Your Next Trip: A Salina Cruz Long Weekend

posted by / Magazine / July 24, 2014

Noa Deane, far from being over the hill. Photo: Morgan Maassen

Noa Deane, far from being over the hill. Photo: Morgan Maassen

Let this serve as a reminder: Your weekends are valuable. Invest wisely. Photo: Jimmicane

Let this serve as a reminder: Your weekends are valuable. Invest wisely. Photo: Jimmicane

Dane Reynolds and Mick Fanning eat sandbars like this for breakfast. What kind of wisecrack you got for that, Happy Gilmore? Photo: Jimmicane

Dane Reynolds and Mick Fanning eat sandbars like this for breakfast. What kind of wisecrack you got for that, Happy Gilmore? Photo: Jimmicane

“Strike mission” is such a militant, rigid term. You’re not crossing the border for a tactical assault, you’re going because you saw a Southern Hemi swell en route to Salina Cruz and you’re calling in sick on Wednesday night for a long weekend of draining right tubes. You’ve given your mediocre home break, loving wife and office job more than ample face time. It’s time to do you. It’s time to hurt your hips from crouching in 80-degree, sand-bottomed dream-pits — not your office chair. It’s time for Salina Cruz, and four days is all you’ll need. Don’t waste ‘em seeing anything but the inside of a reeling right tube. The ruins at Chichen Itza can wait for the Mrs.
–Beau Flemister

At a glance
Best airline: Delta or AeroMexico (Average $650 roundtrip from LAX)
Best swell: South-Southwest
Best months: April-October
Best boards: Just bring a couple standard shortboards. Unless it’s going to be massive, in which case bring a slight step-up.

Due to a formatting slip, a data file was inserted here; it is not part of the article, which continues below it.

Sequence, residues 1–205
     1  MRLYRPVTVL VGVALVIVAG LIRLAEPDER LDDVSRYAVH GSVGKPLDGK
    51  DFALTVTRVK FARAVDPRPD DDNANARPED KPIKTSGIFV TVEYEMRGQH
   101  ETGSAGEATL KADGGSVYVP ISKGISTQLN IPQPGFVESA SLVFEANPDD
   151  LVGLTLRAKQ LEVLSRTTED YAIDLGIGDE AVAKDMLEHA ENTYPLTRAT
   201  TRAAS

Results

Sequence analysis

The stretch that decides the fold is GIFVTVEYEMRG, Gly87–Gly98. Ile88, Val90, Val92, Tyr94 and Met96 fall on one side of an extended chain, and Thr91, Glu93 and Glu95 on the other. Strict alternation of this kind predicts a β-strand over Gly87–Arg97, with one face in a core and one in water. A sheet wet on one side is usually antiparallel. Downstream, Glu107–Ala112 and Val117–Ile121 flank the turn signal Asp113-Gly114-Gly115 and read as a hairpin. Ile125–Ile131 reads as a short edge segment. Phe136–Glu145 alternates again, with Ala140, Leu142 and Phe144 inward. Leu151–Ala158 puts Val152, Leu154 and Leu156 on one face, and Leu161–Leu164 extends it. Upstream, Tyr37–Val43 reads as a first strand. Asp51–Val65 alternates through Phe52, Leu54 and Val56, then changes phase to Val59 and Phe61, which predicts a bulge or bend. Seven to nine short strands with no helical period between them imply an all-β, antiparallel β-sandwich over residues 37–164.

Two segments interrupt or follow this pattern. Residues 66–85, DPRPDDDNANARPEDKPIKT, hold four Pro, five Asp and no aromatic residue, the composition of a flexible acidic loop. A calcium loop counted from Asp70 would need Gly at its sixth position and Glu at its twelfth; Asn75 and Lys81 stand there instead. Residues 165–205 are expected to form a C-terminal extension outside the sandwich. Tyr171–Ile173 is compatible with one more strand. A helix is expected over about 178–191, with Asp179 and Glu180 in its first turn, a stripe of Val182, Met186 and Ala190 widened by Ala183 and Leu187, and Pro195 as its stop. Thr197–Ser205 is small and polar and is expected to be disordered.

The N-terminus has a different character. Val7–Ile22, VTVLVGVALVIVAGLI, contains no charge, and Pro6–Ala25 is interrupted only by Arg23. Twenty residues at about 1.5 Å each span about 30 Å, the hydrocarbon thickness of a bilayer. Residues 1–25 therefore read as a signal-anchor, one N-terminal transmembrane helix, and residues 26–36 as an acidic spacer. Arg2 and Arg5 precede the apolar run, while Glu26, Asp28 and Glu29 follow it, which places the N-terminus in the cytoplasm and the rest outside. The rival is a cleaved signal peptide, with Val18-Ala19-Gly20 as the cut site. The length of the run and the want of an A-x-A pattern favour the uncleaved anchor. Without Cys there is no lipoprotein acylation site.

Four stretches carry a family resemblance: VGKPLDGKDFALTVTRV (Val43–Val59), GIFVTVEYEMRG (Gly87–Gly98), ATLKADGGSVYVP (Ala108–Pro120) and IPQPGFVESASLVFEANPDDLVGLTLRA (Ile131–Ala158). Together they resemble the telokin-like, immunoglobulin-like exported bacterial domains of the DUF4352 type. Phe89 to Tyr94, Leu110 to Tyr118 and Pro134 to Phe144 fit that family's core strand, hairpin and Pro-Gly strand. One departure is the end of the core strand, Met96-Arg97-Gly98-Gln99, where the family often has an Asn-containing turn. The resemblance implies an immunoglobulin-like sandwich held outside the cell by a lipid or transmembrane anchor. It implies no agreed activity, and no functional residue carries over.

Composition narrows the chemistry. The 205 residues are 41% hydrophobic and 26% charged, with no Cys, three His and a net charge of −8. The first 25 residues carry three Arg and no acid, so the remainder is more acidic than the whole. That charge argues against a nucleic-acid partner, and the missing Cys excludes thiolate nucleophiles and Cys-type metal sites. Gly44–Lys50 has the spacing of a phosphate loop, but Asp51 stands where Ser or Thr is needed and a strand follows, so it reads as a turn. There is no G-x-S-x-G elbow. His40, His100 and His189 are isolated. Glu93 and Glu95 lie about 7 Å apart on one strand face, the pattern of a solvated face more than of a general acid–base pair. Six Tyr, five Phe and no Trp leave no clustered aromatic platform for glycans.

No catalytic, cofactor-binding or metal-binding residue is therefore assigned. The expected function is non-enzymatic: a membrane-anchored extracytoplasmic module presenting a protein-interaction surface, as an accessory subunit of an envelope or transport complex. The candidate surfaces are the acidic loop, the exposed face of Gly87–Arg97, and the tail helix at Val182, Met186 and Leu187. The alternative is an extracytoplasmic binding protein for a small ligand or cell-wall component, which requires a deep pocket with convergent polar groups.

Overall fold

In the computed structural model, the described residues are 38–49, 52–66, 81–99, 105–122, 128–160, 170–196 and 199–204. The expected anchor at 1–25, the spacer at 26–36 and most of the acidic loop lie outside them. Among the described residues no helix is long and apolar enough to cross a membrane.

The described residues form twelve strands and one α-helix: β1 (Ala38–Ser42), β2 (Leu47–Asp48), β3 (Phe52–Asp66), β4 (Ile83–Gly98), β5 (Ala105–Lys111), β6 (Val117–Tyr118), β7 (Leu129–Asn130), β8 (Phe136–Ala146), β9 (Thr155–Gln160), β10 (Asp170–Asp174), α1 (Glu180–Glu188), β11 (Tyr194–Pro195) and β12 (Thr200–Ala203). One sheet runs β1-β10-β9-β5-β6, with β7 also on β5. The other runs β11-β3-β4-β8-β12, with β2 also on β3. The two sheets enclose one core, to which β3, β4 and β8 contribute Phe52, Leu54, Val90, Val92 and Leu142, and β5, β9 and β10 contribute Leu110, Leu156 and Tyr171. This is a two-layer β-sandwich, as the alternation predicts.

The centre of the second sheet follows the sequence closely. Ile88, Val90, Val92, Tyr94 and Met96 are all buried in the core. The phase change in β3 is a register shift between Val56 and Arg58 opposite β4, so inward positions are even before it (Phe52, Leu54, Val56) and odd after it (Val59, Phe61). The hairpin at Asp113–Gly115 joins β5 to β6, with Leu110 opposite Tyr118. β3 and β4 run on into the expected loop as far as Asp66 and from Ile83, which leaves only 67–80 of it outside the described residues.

Before I book, what conditions am I looking for? Like most sand bottomed breaks, the dispersion and amount of arena is a consideration, but if you’re going in the summer (and you should), somewhere will be good. Besides that, you want a sizeable south swell between 190 and 220 degrees and south-southwest winds. If it’s blowing hard north, it’s best to wait for another window.

Where am I going, exactly? Fly into the town of Huatulco (HUX) located in the state of Oaxaca and a (pre-booked) shuttle from the surf camp will take you the two-hour drive to the city of Salina Cruz, where you’ll be staying. It’s at this point that you relinquish control and let your camp guides bring you to one of the dozen right pointbreaks and a few choice beachbreaks.

Is it really that good? Is John John Florence good at Pipe? Is To Catch A Predator creepy? Have you seen Dusty Payne’s part in Lost Atlas? The place is full of 100-yard hollow and rippable right points. Unless you’re a picky goofyfoot with something against your backside (see: Ry Craike), then yeah, it’s that good. Stall for thick-lipped kegs, perfect your tight arcs and punt when the wind blows slightly onshore. It’s an any-footer’s fantasyland.

If I’m dropping two grand, will I surf all day? If you’ve got it in you. Commonly, you, the guide and whoever else is at the camp will get up before dawn and log a solid multi-hour morning session. The winds usually come up after 11, and you can still surf, but that brutal Oaxacan heat will have you running for cover. And a cold Modelo.

Surely there are others with the same dream. There sure are. But the beauty of Salina Cruz, as opposed to its neighbor Puerto Escondido to the north, is the sheer number of wave options. If you’re driving along the sand and one spot is too crowded, the point or jetty or beachbreak just around the corner is usually another option.

And if I’m jonesing to go left? You should’ve gone to Indo. Kidding. But there is a beachbreak an hour south and another one in town that attracts a lot of swell and turns on when the wind switches.

I heard surf camps are the only option — that true? Pretty much. The camps and their guides run the show down there while it is theoretically possible to access the breaks on your own, you don’t know which obscure dirt alley to turn down, where it’s OK to drive on the beach and where it’s not. And even if you did figure it out, the vibes from the locals, who make their living helping you score, wouldn’t be worth the few bucks saved and hours wasted .